12 Impressive Health Benefits of Cinnamon Tea
By Alina Petre, MS, RD (NL) — Updated on July 3, 2019
Cinnamon tea is an interesting beverage that may offer several health benefits.
It’s made from the inner bark of the cinnamon tree, which curls into rolls while drying, forming the recognizable cinnamon sticks. These sticks are either steeped in boiling water, or ground into a powder that can be used to make the tea.
Cinnamon tea is full of beneficial compounds that may offer various health benefits, including aiding weight loss, improving heart health, alleviating menstrual cramps, and reducing inflammation and blood sugar levels.
Here are 12 science-based health benefits of cinnamon tea.
- Loaded with antioxidants
Cinnamon tea contains lots of antioxidants, which are beneficial compounds that help keep you healthy.
Antioxidants fight off oxidation caused by free radicals, which are molecules that damage your cells and contribute to diseases like diabetes, cancer, and heart disease.
Cinnamon is particularly rich in polyphenol antioxidants. A study comparing the antioxidant activity of 26 spices reported that cinnamon is only outranked by cloves and oregano (1Trusted Source, 2, 3Trusted Source).
In addition, research shows that cinnamon tea can increase total antioxidant capacity (TAC), which is a measure of the amount of free radicals your body can fight off (2, 4Trusted Source, 5).
Cinnamon is one of the spices richest in antioxidants. Cinnamon tea may increase your body’s ability to fight off free radicals, keeping you healthy and protecting you from disease.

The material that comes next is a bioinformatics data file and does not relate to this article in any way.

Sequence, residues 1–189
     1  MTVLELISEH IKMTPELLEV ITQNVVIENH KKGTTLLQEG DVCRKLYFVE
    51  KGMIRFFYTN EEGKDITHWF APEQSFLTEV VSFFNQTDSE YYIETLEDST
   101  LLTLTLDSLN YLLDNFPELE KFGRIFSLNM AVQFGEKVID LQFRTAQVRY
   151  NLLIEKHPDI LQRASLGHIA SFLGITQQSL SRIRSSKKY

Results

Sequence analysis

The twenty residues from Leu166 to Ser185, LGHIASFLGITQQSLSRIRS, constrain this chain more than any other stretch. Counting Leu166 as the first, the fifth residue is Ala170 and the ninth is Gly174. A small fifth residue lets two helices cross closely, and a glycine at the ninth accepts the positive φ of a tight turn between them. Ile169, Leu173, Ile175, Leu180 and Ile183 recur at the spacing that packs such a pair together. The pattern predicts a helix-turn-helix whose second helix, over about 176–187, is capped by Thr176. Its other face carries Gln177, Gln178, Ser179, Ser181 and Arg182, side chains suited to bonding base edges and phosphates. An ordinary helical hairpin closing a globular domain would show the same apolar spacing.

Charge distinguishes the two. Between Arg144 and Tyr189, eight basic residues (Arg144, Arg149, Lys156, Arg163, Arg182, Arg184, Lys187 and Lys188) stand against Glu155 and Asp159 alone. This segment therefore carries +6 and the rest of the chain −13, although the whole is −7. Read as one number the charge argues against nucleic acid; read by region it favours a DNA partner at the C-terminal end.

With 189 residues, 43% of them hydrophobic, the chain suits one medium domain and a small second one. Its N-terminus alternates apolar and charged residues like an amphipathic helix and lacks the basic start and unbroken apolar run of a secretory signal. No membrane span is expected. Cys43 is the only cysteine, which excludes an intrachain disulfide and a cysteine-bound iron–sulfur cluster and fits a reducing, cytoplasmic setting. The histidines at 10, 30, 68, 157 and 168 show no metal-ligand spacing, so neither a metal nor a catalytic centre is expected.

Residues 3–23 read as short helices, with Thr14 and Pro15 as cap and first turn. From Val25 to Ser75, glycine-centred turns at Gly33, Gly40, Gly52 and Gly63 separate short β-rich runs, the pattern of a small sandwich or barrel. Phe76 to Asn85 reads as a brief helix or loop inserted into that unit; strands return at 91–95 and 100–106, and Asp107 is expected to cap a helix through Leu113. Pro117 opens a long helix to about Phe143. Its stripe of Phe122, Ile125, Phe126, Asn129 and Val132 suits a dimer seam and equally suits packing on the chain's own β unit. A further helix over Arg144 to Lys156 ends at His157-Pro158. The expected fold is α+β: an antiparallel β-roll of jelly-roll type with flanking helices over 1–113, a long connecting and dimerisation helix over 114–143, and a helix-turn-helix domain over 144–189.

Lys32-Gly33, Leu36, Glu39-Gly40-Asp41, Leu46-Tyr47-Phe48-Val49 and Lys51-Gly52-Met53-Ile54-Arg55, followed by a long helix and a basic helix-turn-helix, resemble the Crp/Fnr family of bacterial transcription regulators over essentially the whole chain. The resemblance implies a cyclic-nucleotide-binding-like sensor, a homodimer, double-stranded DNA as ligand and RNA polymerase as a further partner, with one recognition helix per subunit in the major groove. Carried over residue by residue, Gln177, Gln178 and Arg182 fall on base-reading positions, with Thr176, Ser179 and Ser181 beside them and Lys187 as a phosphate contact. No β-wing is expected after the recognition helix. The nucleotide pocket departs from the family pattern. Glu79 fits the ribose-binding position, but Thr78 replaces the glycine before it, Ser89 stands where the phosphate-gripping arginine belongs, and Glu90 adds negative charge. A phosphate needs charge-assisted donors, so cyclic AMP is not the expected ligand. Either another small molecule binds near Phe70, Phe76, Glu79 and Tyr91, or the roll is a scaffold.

Lowers inflammation and may improve heart health
Test-tube studies suggest that compounds in cinnamon may reduce markers of inflammation. This may be immensely beneficial, given that inflammation is thought to be at the root of many chronic diseases, including heart disease (6Trusted Source, 7Trusted Source).
Studies also report that cinnamon may reduce blood pressure, as well as triglyceride and LDL (bad) cholesterol levels in some individuals (8Trusted Source, 9Trusted Source).
What’s more, cinnamon may increase levels of HDL (good) cholesterol, which helps improve your heart health by removing excess cholesterol from your blood vessels (5, 9Trusted Source).
A review of 10 studies found that consuming as little as 120 mg of cinnamon — less than a 1/10 teaspoon — each day may be sufficient to help you reap these benefits (9Trusted Source).
Cassia cinnamon, in particular, contains high amounts of natural coumarins, a group of compounds that helps prevent the narrowing of blood vessels and offers protection against blood clots (10Trusted Source, 11Trusted Source, 12Trusted Source).
However, excess intake of coumarins may reduce liver function and increase the risk of bleeding, so make sure you consume cinnamon in moderation (9Trusted Source).
Cinnamon contains heart-healthy compounds that may decrease inflammation and raise levels of HDL (good) cholesterol. It may also reduce your blood pressure and triglyceride and LDL (bad) cholesterol levels.
- May help reduce blood sugar
Cinnamon may provide powerful antidiabetic effects by lowering blood sugar levels.
This spice appears to act in a manner similar to that of insulin, the hormone responsible for shuttling sugar out of your bloodstream and into your tissues (13Trusted Source, 14Trusted Source).